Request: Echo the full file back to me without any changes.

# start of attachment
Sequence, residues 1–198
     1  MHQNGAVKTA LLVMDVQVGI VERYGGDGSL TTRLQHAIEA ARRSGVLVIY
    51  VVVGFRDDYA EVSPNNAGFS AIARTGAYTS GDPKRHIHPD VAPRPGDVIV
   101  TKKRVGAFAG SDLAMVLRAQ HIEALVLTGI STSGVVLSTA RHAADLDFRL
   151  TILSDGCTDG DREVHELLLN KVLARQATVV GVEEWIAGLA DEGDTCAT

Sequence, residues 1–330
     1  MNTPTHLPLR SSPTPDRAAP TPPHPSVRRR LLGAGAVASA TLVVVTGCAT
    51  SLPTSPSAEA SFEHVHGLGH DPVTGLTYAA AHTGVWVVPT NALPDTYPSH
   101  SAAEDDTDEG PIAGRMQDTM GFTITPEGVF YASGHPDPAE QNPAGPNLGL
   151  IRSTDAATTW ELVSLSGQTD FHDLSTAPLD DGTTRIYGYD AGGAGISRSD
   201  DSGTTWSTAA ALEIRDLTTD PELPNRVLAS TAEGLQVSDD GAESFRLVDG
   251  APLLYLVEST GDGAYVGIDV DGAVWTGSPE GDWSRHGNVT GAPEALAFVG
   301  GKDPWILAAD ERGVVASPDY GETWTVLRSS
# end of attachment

Sequence, residues 1–198
     1  MHQNGAVKTA LLVMDVQVGI VERYGGDGSL TTRLQHAIEA ARRSGVLVIY
    51  VVVGFRDDYA EVSPNNAGFS AIARTGAYTS GDPKRHIHPD VAPRPGDVIV
   101  TKKRVGAFAG SDLAMVLRAQ HIEALVLTGI STSGVVLSTA RHAADLDFRL
   151  TILSDGCTDG DREVHELLLN KVLARQATVV GVEEWIAGLA DEGDTCAT

Sequence, residues 1–330
     1  MNTPTHLPLR SSPTPDRAAP TPPHPSVRRR LLGAGAVASA TLVVVTGCAT
    51  SLPTSPSAEA SFEHVHGLGH DPVTGLTYAA AHTGVWVVPT NALPDTYPSH
   101  SAAEDDTDEG PIAGRMQDTM GFTITPEGVF YASGHPDPAE QNPAGPNLGL
   151  IRSTDAATTW ELVSLSGQTD FHDLSTAPLD DGTTRIYGYD AGGAGISRSD
   201  DSGTTWSTAA ALEIRDLTTD PELPNRVLAS TAEGLQVSDD GAESFRLVDG
   251  APLLYLVEST GDGAYVGIDV DGAVWTGSPE GDWSRHGNVT GAPEALAFVG
   301  GKDPWILAAD ERGVVASPDY GETWTVLRSS